In 1962, he was hired to become Texas Western's (UTEP) new head football coach. TWC had a brief history of having one or two players of color on their team, but Bum set a new standard, signing a dozen African-Americans to his squad – four years before Don Haskin's history-making 1966 national championship basketball team from El Paso. After just one season, he resigned because, as he told the school's president, he just didn't feel like he or anyone else could win there – a brutally honest assessment of the situation at the time.

Twenty years later, he was standing on the sidelines of Pittsburgh's Three River Stadium, his Oilers playing for the AFC Championship against the vaunted Steelers for the sixth time in two years.

Wearing the hat and the boots and his oversized ranch coat, he pulled a knife from his pocket (yes, a real knife) and cut off a piece of hard-packed chewing tobacco. He really didn't care what people thought of him and that's what was so refreshing about Oail A. Phillips - the legend publicly began at that moment.

The private legend began many years before in the island jungles of the southwest Pacific and in the west Texas town of El Paso.

It's hard to imagine a coach today with all of those fast-fading qualities: the bravery; the loyalty; the integrity and oh yeah, the hat, the boots and the chewing tobacco.

Rest in peace, friend.

Week Six: 5-5 (a perfect record for such a melancholy weekend)

Season: 43-38-3

Oct. 26

Vanderbilt @ Johnny Football -18½ : I have it on good authority the Vandy fan went on a wine cooler binge after his Commodores beat the Dawg. He is excited - his Music City Bowl ticket will be used and basketball season is right around the corner. Plus Bum coached at A&M, although Johnny Football's coach wears a visor.

Florida Atlantic @ Auburn -28: Bum always had Miami's number, although Gus Malzahn wears a visor.

Tennessee @ Alabama -26½: Butch Jones isn't related to Bum Phillips and is a Yankee, although Nick $aban wears a funny hat during practice.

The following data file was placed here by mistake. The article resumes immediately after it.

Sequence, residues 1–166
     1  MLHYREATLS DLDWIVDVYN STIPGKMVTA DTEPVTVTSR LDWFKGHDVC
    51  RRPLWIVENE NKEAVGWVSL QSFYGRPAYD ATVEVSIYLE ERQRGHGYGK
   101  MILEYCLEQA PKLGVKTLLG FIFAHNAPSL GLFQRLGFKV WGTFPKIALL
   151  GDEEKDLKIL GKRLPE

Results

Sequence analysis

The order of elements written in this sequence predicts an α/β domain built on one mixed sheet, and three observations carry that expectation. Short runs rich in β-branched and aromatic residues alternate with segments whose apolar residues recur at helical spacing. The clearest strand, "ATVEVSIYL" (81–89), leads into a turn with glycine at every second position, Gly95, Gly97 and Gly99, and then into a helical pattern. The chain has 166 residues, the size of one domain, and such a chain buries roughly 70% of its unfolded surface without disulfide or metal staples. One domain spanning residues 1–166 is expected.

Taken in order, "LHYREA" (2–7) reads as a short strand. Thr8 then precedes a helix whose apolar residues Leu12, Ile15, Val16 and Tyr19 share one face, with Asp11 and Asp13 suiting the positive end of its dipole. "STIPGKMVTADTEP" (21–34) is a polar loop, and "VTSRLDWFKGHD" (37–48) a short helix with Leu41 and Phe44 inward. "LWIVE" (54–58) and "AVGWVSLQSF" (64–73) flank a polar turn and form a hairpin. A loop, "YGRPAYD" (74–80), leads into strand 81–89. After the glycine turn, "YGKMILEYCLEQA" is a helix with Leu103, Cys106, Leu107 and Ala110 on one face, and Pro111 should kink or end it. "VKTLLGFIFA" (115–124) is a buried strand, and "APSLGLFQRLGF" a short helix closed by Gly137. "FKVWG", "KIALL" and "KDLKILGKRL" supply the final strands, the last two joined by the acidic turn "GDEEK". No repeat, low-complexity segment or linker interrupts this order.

Troy +9 @ Western Kentucky: Troy head coach Larry Blakeney spits a lot on the sidelines, although not tobacco. And Bobby Petrino wears a neck brace.

Idaho -40 @ Mississippi: The Black Bears begin their run at the Sunbelt Conference title, but 40 points? Plus, Hugh Freezer wears a visor and as far as we know Paul Petrino doesn't wear a neck brace like his brother does.

South Carolina @ Missouri -3: Both coaches wear visors, so this is tough. Missouri's defense has been extra special this year and Bum would have liked this.

Tulsa @ Tulane +4: Bum used to prowl the sidelines of the Superdome, but never wore his hat indoors. Plus he probably would like Tulane coach Curtis Johnson.

North Texas -10 @ Southern Miss: North Texas is a Texas school and Bum liked anything Texas. Quite frankly, USM has become the laughingstock of Division FB$.

UTEP +18 @ Rice: Ironically, these two schools meet this weekend. In a normal world, The Line King would be all over Rice, but this weekend  we will go with Bum's first team over his favorite city's team.

Baylor -35½ @Kansas: In case you didn't know, Baylor is a Texas school and Kansas isn't. Baylor scores about 35 points a quarter and their mascot used to drink Dr. Pepper after every score – which would probably kill him these days.